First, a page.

Research Grants/Fellowships/SBIR

Pharmaceuticals and Antiseptics: Occurrence and Fate in Drinking Water, Sewage Treatment Facilities, and Coastal Waters

EPA Grant Number: R829004
Title: Pharmaceuticals and Antiseptics: Occurrence and Fate in Drinking Water, Sewage Treatment Facilities, and Coastal Waters
Investigators: Roberts, A. Lynn , Bouwer, Edward J.
Institution: Johns Hopkins University
EPA Project Officer: Page, Angela
Project Period: September 1, 2001 through August 31, 2004 (Extended to August 9, 2006)
Project Amount: $524,890
RFA: Drinking Water (2000) RFA Text |  Recipients Lists
Research Category: Drinking Water , Water Quality , Water


Although recent European studies have revealed the presence of an array of non-hormonal, non-antibiotic pharmaceuticals and antiseptics in surface waters, sewage treatment plant effluents, and even in drinking water, present information concerning their occurrence, (eco)toxic risk, and fate in the U.S. is virtually nonexistent. This research is designed to redress critical aspects of this current state of near-ignorance by providing an assessment of the prevalence of important pharmaceuticals and antiseptics in drinking water, sewage treatment plants (STPs), and receiving waters.


Final selection of target compounds will be based in part on calculations of potential environmental concentrations and (where possible) environmental risk associated with existing products (Task 1), along with preliminary screening studies in STPs. Analytical methods previously developed elsewhere will be refined (Task 2) so as to provide the extremely high sensitivity needed for analyzing trace concentrations in drinking water, while relying on benchtop GC/MS techniques that can readily be adopted by others. We are confident that by modifying derivatization methods to take advantage of the sensitivity and selectivity of negative chemical ionization GC/MS, and by using large-volume injection techniques, we can attain detection limits three orders of magnitude below those reported by others. In Task 3, concentrations of analytes will be determined in raw and finished drinking water samples obtained from public utilities across the U.S. Removal efficiencies will be related to treatment processes employed. In Task 4, the adequacy of current wastewater treatment practices for reducing emission of pharmaceuticals and antiseptics will be examined by measuring their concentrations at three STPs (Deer Island in Boston, MA; Back River and Patapsco STPs in Baltimore, MD). Two (Deer Island and Back River) receive substantial hospital wastewater inputs, and Back River discharges its treated effluent to the Chesapeake Bay, the largest and most important estuary in the U.S. In Task 5 we will examine the biodegradability of selected pharmaceuticals and antiseptics in simulated wastewater treatment systems and in real wastewater, in order to examine the influence of interactions with co-contaminants on biodegradability at the low levels encountered in the environment. Finally, in Task 6, we will determine vertical and longitudinal distributions of target pharmaceuticals and antiseptics in the upper Chesapeake Bay to seek evidence of rapid natural attenuation.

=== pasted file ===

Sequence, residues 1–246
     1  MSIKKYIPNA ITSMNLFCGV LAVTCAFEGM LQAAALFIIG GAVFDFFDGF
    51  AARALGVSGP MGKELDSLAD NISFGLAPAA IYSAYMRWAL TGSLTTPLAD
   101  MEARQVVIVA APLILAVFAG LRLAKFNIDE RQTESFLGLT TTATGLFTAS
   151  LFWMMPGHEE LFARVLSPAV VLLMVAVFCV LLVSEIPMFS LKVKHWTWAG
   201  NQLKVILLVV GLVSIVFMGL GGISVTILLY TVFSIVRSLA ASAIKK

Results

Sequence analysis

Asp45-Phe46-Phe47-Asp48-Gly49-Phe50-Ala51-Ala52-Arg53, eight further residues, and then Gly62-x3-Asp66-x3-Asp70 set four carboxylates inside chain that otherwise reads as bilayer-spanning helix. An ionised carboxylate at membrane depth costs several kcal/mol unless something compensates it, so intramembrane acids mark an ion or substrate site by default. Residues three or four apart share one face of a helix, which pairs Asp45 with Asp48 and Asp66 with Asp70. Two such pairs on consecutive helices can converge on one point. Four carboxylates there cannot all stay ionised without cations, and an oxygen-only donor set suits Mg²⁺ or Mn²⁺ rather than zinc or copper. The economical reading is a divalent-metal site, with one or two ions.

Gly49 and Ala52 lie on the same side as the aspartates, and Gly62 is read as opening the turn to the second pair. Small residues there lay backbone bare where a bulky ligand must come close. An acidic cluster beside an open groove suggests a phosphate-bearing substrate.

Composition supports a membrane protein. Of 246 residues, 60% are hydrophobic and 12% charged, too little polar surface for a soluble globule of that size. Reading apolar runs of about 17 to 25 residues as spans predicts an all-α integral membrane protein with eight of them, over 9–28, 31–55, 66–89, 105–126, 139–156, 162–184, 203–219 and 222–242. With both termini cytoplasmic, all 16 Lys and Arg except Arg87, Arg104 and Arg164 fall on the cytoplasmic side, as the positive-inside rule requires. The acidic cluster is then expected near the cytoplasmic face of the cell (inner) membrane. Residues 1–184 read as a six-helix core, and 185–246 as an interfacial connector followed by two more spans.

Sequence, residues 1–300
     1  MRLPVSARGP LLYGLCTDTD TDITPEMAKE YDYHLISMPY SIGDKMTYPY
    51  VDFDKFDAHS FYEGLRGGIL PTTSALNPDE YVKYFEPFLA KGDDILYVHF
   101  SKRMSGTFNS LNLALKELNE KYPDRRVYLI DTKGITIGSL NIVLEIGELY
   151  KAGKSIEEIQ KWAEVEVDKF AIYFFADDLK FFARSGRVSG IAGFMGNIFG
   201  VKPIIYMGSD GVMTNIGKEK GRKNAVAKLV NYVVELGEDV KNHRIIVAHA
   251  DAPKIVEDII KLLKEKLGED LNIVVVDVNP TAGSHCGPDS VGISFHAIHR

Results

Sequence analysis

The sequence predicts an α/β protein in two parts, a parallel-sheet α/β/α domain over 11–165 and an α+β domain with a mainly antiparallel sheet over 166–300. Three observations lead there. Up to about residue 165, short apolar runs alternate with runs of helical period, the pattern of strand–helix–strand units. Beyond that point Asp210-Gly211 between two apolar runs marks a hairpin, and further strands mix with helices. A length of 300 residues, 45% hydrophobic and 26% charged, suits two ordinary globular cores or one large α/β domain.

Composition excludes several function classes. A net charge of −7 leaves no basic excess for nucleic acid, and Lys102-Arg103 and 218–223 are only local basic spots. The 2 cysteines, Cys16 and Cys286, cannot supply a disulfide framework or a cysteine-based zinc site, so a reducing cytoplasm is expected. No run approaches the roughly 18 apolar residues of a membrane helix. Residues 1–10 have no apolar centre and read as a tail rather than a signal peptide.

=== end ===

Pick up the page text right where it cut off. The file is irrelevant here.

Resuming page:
Expected Results:

Based on recent studies conducted in Europe, we expect to encounter an array of pharmaceuticals in raw surface water supplies and in STP influent and effluent. The specific compounds (and concentrations) encountered are, however, likely to be very different, reflecting variations in therapeutic and water/wastewater treatment practices. The results of this study will quantify the effectiveness of current water and wastewater treatment practices for removing major pharmaceuticals and antiseptics. It will also provide exposure data needed to assess whether human and ecotoxic effects could be associated with pharmaceuticals and antiseptics in the environment. Finally, the results will be helpful in indicating whether natural removal processes are able to attenuate concentrations of what may prove to be a significant class of organic micropollutants.

Publications and Presentations:

Publications have been submitted on this project: View all 20 publications for this project

Journal Articles:

Journal Articles have been submitted on this project: View all 2 journal articles for this project

Supplemental Keywords:

groundwater, estuary, risk assessment, environmental engineering, environmental chemistry, analytical chemistry., RFA, Scientific Discipline, Waste, Water, Ecosystem Protection/Environmental Exposure & Risk, Wastewater, Environmental Chemistry, Fate & Transport, Monitoring/Modeling, Analytical Chemistry, Environmental Monitoring, Ecological Risk Assessment, Drinking Water, Groundwater remediation, Environmental Engineering, fate and transport, monitoring, pharmaceuticals, exposure and effects, exposure, other - risk assessment, chemical contaminants, surface water, wastewater treatment plants, personal care products, groundwater monitoring, treatment, analytical methods, drinking water contaminants, effluents, water treatment, groundwater, sewage treatment plants

Progress and Final Reports:
2002 Progress Report
2003 Progress Report
2004 Progress Report
2005 Progress Report
Final Report